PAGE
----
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  1. Labour reforms: How Narendra Modi govt is looking to empower companies with up to 300 workers

Labour reforms: How Narendra Modi govt is looking to empower companies with up to 300 workers

Even though it hasn’t yet got the Opposition to agree to the agenda, at least one of the two important Bills in this regard will be pressed in the ongoing Budget session.

By: | New Delhi | Published: February 8, 2017 6:59 AM
Labour minister Bandaru Dattatreya. Labour minister Bandaru Dattatreya.

The Modi government is fast-tracking the legislative part of labour reforms, long held up due to political reasons. Even though it hasn’t yet got the Opposition to agree to the agenda, at least one of the two important Bills in this regard will be pressed in the ongoing Budget session. If things go as per the Centre’s plan, establishments employing up to 300 will soon have the right to lay off workers without government approval and outsiders — read professional politicians — will be barred from leading trade unions in the organised sector. Currently, only smaller units employing up to 100 people can lay off workers sans government nod.

Labour minister Bandaru Dattatreya told FE: “We are going ahead… The drafts of both the wage code and the industrial relations (IR) code have been prepared. Presentations to different ministries have been made and a tripartite committee meeting has been held. In the second leg of the Budget session, we will definitely introduce the wage code. Although we are simultaneously working on the IR code, it may come up only in the next session.”

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The proposed reforms are, however, not just industry-friendly — they also tend to make the workers’ rights more robust. For instance, the wage code will make national minimum wage mandatory for all establishments. Currently, the wage thresholds prescribed by the Centre are not followed by all states. In the proposed regime, while the states will have the power to fix the minimum wages, these can’t be below the national threshold. All four wage-related central Acts — the Minimum Wages Act, 1948, Payment of Wages Act, 1936, the Payment of Bonus Act, 1965, and the Equal Remuneration Act, 1976 — will be amalgamated under the proposed comprehensive wage code. The IR code also proposes to bar strikes without 14 days’ notice.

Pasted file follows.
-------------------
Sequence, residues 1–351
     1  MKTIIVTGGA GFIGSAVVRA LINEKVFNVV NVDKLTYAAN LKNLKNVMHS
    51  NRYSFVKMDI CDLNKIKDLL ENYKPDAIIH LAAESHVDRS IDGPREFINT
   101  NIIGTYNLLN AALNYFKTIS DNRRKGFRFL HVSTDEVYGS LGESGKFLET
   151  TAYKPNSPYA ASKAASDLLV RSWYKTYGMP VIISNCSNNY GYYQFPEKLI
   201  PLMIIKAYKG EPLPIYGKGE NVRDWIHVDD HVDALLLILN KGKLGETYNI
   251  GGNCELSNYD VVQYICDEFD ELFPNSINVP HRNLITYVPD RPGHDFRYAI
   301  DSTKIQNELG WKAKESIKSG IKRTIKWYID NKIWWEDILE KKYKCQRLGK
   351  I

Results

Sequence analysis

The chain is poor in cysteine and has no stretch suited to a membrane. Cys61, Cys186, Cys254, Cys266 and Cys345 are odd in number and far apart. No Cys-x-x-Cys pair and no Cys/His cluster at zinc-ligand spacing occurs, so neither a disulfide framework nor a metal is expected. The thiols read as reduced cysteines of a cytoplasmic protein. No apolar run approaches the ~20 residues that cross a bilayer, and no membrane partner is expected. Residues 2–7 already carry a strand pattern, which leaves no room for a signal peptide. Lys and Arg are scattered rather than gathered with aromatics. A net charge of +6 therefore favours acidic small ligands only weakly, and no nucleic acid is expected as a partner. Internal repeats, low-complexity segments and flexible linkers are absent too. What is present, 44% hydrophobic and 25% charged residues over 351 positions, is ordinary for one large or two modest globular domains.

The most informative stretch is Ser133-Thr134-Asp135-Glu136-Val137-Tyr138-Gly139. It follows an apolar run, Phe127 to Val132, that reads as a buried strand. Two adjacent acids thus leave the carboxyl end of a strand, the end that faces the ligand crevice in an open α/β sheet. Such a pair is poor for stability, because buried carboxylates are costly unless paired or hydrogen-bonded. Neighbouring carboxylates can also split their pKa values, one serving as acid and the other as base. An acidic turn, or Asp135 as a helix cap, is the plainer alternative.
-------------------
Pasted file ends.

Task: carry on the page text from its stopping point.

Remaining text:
However, an inter-ministerial meeting convened on Tuesday to take a call on introducing the codes in Parliament was postponed due to finance minister Arun Jaitley’s busy schedule. Dattatreya said that the meeting would take place in a day or two. A fresh momentum has been imparted to passage of the codes after the go-ahead from the finance minister, a source said.

The Modi government feels that labour reforms at the national and state levels are integral to improving India’s unimpressive ease of doing business rank and accomplishing the objective of making India a global manufacturing hub.

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